President Obama stressed earmark elimination in his State of the Union address Tuesday night, but the message didn't hit home with one of his closest allies, Harry Reid.
In an interview with "NBC Nightly News," the Senate majority leader said Obama should "back off" on the idea.
Reid called Obama's statement that he would veto any legislation sent to him with earmarks included an "applause line" and "absolutely wrong. . . . The president has enough power; he should back off and let us do what we do."
Specifically, that means he and other lawmakers "have a constitutional obligation to do congressionally directed spending. I know much more about what's needed in Elko, Nevada . . . than some bureaucrat back" in Washington. "Short term, [the president] may win this battle, but it's going to be short term. This is a line he's been flinging out for a long time. It means nothing to [reduce] the debt."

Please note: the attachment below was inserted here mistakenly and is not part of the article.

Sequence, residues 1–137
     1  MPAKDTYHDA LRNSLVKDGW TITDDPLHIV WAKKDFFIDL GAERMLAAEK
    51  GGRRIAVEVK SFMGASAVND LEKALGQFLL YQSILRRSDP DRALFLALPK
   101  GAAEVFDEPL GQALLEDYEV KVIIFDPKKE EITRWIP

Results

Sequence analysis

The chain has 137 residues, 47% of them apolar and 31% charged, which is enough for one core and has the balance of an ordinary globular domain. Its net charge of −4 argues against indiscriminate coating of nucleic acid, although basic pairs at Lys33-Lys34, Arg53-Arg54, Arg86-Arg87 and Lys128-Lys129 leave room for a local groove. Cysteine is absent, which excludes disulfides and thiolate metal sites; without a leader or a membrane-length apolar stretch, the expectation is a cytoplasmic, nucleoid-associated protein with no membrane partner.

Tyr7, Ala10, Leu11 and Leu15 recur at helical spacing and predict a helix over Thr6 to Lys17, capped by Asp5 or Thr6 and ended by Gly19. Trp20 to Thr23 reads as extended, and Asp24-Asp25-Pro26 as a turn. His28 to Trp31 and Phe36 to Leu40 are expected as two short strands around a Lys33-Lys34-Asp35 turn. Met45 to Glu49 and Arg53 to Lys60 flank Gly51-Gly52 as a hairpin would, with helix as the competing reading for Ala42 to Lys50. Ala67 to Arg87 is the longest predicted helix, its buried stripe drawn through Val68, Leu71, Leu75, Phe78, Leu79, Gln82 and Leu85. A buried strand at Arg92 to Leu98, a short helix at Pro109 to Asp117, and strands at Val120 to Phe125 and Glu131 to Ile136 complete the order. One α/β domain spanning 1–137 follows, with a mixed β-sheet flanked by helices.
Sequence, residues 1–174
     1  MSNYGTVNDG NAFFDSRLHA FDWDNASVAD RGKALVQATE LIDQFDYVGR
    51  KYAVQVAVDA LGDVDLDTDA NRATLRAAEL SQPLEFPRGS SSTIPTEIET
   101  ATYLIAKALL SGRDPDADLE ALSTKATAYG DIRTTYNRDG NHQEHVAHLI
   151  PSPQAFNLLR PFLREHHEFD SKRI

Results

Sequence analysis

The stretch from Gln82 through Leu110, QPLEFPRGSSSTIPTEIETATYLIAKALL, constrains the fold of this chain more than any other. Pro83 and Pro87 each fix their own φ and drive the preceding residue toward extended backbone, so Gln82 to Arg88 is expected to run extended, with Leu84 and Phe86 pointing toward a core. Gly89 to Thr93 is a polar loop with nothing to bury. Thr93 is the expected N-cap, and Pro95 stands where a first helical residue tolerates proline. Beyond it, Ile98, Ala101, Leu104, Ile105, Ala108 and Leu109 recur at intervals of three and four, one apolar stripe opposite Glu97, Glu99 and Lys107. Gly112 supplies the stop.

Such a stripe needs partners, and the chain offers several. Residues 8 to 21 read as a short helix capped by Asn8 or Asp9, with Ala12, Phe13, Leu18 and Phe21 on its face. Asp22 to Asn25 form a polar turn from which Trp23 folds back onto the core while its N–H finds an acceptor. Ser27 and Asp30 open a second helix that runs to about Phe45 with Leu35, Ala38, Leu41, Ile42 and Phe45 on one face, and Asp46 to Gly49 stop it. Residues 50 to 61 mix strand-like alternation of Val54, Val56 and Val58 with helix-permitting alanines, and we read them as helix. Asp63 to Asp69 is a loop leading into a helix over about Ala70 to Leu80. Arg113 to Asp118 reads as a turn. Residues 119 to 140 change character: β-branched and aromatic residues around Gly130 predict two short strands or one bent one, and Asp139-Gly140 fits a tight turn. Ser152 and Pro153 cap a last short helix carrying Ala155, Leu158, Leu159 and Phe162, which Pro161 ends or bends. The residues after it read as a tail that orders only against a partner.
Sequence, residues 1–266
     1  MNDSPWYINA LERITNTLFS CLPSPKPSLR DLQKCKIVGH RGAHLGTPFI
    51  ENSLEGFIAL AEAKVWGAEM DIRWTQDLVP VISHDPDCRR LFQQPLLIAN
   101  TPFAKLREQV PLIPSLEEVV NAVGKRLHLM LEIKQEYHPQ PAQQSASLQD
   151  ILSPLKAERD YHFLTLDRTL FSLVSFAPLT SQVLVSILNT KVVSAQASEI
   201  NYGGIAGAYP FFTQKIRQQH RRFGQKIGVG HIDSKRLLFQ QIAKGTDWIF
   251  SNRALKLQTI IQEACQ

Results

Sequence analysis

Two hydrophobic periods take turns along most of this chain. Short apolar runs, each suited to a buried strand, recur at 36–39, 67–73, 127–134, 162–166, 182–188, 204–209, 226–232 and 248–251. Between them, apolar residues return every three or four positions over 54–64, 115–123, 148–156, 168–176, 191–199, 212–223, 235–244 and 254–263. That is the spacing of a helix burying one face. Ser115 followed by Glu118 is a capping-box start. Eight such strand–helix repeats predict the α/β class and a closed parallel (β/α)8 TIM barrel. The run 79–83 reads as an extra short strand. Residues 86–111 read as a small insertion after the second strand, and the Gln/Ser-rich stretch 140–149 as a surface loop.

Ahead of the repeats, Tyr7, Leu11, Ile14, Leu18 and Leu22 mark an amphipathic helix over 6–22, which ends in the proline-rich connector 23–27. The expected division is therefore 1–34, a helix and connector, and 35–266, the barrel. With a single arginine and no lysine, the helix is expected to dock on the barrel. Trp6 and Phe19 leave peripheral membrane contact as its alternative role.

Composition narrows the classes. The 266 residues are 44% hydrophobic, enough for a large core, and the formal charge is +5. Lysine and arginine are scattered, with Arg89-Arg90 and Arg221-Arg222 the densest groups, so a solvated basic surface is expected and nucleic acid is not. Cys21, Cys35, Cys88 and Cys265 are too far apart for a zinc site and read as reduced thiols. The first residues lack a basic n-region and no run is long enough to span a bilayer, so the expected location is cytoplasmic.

The Nevada Democrat said banning earmarks doesn't save the cash-strapped government money because the funds will be spent regardless -- earmarks simply direct them.
He also said opposing the president won't cause a rift between himself and a political ally. "He's been around a while, I've been around a while. Just because he's wrong on this doesn't mean he's not right on most everything else. . . . Banning earmarks hurts people who are in need, whether it's a university, a city, a struggling business of some kind. These are the kinds of things that we are obligated to try to help. . . We have three branches of government, and I don't want the executive branch messing with my territory."
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